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Home arrow English arrow A Passion for Justice: One Man's Dedication to Civil Rights
A Passion for Justice: One Man's Dedication to Civil Rights چاپ ارسال به دوست
VOKRadio, Los Angeles, California, USA   

A Passion for Justice: One Man's Dedication to Civil Rights!


"Ralph D. Fertig documents origins and episodes in the Civil Rights Movement. He has been a steady and consistent advocate for civil rights through non-violent direct action in most of his 88 years. We met in the 1961 Freedom Rides and in his book, A Passion for Justice, Fertig chronicles struggles for desegregation before, through and since then. In the current political climate, this is a book for today."

-John Lewis, US Congressman


"Hailed by the Washington Post as the "Conscience of Washington," and by the Los Angeles Times as "a cog in the wheel of justice," Ralph D. Fertig began his social activism in his home, filled with German Jewish refugees."

  Ralph Fertig was born to German immigrant parents in 1930 and was raised in Chicago.

In high school and college, he campaigned for desegregation and justice in housing and employment. At the University of Chicago, he fought for academic freedom.

He received a B.A. from the University of Chicago in 1950, an M.A. from Columbia University in 1952, and a Ph.D. in Sociology from the University of Chicago in 1955.

While earning his bachelor's degree, Fertig formed a student branch of the NAACP. He subsequently became a member of the Leadership Conference on Civil Rights and viewed Paul Robeson as one of his heroes.

He began social work organizing peace between warring street gangs on Chicago's South side. Fertig organized programs for equal rights with the Congress Of Racial Equality and the Americans for Democratic Action.

He became a Freedom Rider on a bus bound for Jackson, Mississippi, to help integrate interstate buses. The Sheriff in Selma, Alabama threw him in jail, where White prisoners kicked in his ribs.

During the 1960s, Fertig was part of the Freedom Rider movement protesting Jim Crow laws in the American South. While engaged in these activities in Alabama on one occasion, he was jailed for "disturbing the peace." 
While running a community center in Washington, D.C., he organized welfare mothers and public housing tenants. Martin Luther King, Jr. invited him to help mobilize the iconic 1963 March on Washington, and to help lobby for the Civil Rights Act of 1964. Fertig went on to earn a J.D. from UCLA Law School in 1979 and eventually became a civil-rights attorney and an administrative law judge. He is best known, however, as the longtime president of the Humanitarian Law Project (HLP).
cklara_soraya_ralphs_azad.jpgHe ran the Greater Los Angeles Community Action Agency serving thousands of disadvantaged people, became a civil rights lawyer, and then a Federal Administrative Judge, ruling on cases of employment discrimination.

He taught at the USC School of Social Work rising to the level of full professor, and where he is now a professor emeritus. As President of the Humanitarian Law Project, he was a consultant to the United Nations, and challenged restrictions to free speech in the USA PATRIOT Act before the U.S. Supreme Court.


Fertig strongly objected to the passage of the Antiterrorism and Effective Death Penalty Act (AEDPA) of 1996, a Patriot Act precursor, which made it a crime punishable by up to 10 years in prison to provide "material support" to any foreign organization designated as a terrorist group by the Secretary of State.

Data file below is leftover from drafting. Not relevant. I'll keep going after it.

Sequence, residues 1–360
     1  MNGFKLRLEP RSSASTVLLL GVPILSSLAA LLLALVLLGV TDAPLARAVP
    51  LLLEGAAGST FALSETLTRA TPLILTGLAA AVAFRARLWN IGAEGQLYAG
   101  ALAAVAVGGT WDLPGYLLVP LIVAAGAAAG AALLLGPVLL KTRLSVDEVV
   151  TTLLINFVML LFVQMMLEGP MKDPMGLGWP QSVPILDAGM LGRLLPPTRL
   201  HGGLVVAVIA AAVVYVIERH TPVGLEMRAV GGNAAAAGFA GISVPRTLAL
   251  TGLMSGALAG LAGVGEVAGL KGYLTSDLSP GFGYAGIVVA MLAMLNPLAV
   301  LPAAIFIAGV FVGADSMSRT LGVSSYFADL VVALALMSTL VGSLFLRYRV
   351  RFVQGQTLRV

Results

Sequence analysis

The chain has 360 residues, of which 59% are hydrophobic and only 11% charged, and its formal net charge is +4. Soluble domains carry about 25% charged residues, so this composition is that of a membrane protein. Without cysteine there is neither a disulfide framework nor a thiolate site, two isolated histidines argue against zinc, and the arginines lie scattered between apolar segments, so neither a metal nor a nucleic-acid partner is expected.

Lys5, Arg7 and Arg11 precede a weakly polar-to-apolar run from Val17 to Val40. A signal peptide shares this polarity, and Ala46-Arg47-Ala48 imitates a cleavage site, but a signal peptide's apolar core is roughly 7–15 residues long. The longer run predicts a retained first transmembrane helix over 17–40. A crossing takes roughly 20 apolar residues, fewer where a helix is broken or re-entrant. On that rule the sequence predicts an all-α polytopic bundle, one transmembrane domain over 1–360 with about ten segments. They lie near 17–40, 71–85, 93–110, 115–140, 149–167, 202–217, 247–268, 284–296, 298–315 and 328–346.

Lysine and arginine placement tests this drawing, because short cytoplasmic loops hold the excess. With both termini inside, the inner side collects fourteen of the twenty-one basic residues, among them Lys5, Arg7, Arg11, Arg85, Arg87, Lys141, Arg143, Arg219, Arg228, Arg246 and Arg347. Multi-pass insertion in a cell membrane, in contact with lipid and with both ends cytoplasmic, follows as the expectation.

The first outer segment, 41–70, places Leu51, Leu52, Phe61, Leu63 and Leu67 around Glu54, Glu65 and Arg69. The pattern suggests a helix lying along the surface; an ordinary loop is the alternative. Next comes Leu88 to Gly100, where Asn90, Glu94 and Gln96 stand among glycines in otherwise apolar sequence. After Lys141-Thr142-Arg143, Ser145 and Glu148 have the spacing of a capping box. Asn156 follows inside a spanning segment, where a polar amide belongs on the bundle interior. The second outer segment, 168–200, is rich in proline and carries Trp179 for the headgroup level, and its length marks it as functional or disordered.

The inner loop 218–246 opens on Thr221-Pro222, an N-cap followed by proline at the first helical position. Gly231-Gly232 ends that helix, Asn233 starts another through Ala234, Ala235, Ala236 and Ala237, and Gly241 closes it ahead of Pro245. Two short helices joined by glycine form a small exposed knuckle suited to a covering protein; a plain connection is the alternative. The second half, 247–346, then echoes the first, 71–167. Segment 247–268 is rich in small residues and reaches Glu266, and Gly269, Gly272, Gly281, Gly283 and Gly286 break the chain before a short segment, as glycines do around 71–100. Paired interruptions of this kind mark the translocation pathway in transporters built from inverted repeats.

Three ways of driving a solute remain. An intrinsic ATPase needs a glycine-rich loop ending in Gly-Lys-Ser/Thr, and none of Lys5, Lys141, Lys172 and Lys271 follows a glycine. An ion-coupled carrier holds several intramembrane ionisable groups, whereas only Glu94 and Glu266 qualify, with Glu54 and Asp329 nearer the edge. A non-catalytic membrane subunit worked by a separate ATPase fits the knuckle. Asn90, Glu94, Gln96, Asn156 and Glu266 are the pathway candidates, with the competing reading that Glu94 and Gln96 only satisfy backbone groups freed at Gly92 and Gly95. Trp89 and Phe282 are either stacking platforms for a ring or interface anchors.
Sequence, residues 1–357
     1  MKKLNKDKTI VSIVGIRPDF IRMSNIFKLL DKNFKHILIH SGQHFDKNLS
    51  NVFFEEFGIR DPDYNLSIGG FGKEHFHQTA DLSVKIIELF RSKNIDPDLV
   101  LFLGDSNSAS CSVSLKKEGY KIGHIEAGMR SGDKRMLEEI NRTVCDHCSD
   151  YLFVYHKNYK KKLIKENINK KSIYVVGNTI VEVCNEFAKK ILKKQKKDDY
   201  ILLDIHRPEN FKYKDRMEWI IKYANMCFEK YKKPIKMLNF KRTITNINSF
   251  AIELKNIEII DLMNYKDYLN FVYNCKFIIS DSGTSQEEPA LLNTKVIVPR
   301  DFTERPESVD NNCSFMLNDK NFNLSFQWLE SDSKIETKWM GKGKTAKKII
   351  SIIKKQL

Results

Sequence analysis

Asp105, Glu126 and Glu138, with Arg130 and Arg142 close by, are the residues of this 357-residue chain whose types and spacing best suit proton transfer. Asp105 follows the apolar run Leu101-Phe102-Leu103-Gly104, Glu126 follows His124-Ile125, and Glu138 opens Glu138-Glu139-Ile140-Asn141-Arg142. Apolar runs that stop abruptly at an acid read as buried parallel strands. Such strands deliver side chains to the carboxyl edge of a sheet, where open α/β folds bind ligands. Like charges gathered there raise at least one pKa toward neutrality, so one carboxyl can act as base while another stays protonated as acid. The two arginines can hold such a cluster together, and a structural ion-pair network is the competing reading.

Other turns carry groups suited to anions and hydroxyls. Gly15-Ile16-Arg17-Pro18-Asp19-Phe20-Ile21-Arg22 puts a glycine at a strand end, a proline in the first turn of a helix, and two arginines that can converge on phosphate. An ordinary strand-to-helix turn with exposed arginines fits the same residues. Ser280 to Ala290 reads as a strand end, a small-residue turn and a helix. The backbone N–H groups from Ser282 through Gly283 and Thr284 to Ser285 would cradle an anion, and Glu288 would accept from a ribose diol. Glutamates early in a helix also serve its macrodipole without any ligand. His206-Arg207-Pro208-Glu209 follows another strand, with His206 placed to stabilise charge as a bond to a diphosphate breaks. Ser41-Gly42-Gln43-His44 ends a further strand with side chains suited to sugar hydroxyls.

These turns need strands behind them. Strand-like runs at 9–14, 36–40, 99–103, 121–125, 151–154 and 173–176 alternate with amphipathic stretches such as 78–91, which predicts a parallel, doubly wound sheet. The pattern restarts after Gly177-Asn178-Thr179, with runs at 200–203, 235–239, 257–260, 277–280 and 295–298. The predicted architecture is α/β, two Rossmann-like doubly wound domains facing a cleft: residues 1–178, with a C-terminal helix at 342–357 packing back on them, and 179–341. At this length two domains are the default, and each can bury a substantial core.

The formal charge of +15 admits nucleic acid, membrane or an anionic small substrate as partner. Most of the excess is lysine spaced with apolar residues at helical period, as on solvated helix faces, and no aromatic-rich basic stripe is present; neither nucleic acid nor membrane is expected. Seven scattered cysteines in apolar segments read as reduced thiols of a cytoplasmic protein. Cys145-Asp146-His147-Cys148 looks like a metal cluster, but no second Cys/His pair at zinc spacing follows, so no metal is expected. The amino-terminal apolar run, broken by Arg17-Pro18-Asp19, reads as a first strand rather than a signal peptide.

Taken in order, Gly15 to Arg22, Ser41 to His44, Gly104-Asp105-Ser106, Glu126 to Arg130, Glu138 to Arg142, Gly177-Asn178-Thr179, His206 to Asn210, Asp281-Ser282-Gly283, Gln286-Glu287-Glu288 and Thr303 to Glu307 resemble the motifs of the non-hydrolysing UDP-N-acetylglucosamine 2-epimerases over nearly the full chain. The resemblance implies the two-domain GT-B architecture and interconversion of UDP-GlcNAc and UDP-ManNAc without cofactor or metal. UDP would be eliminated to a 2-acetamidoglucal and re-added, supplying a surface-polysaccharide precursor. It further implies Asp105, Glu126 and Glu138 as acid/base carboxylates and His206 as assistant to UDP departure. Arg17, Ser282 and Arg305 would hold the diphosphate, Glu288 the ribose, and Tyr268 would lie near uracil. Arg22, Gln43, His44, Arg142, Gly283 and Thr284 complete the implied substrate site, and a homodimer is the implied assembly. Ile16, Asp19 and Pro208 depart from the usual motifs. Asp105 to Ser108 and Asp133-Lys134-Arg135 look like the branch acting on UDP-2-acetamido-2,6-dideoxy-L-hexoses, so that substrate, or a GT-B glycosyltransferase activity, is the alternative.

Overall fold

In 1998 Fertig was a lead plaintiff in Humanitarian Law Project, et al. v. Reno et al. -- a federal court case that was brought by the Center for Constitutional Rights (CCR) -- where HLP tried to protect Americans' right to provide legal counsel, if they wished, to the Sri Lanka-based Liberation Tigers of Tamil Eelam (LTTE) or the Turkey-based Kurdistan Workers Party (PKK).

"Since he was in elementary school more than seven decades ago, Ralph Fertig has been, by history's long calculus, one of the good guys -- a civil rights Freedom Rider, a fighter for the down-and-out and disenfranchised from Washington to Los Angeles, and more recently on behalf of the Kurdish minority in Turkey.

1996 anti-terrorism law deems it a crime to give "material support" to any group that the U.S. considers to be terrorist. The Kurdistan Workers Party, or PKK, the main representative of Kurdish minority rights, was classified as one of those groups."
Fertig has pressed the courts to clarify the right to advocate for a beleaguered people, even if its interests are also represented by a designated terrorist group. Now the Supreme Court will decide. Fertig went to Washington last month to hear his case argued: Is it the language of the law that needs clarifying, or does Fertig's work for a nonviolent resolution of the Kurds' conflicts make him an outlaw? 


Fertig's earlier book, Love and Liberation, was a Los Angeles Times best seller, praised in its Kirkus review as "a sweeping Jewish love story couched in revolution, and it is written in with an apt power and elegance. The book is a contained epic... An intimate, compassionate work of historical fiction.


The book is availible at

دكتۆر راڵڤ ڤه رتیق، دادۆه ر، پرۆفێسۆری زانكۆی به ناۆ بانگی یو اس سی ، ماڤ ناس و چالاكۆانی به ناۆ بانگی بزوتنه ۆ ه ی ماڤی مه دنی ئه مریكا و دۆستی له مێژه ی بزوتنه وه ی كۆرد، كه بۆ پشتگیری له دۆخی كۆرد تا دادگای باڵای وڵاته یكگرتوه كانى ئه مریكا ڕوئیشت ، ئه ۆڕو ئاخرین كتیبی خۆی بۆ حازه ربوۆان له مه راسیمی رێز گرتن له م كه سایه تیه ئازادیخۆازه ۆاژۆ كرد. دكتۆر راڵف به سه ر هات و بیۆ گرافى خۆی له م كتێبه دا نوسیوه و فه سلێكى بۆ باسى كۆرد ته رخان كردووه. شایانی باسە کە بە شی سە بارەت بە کۆرد لە لایە ن دکتۆر سورە ییا فە لاح چاۆدێری کراوە. دكتۆر راڵف له مانگی ئاگۆستی ئه ۆ ساڵ ته مه نى ٨٨ ساڵه ی تێ په ر ده كات.



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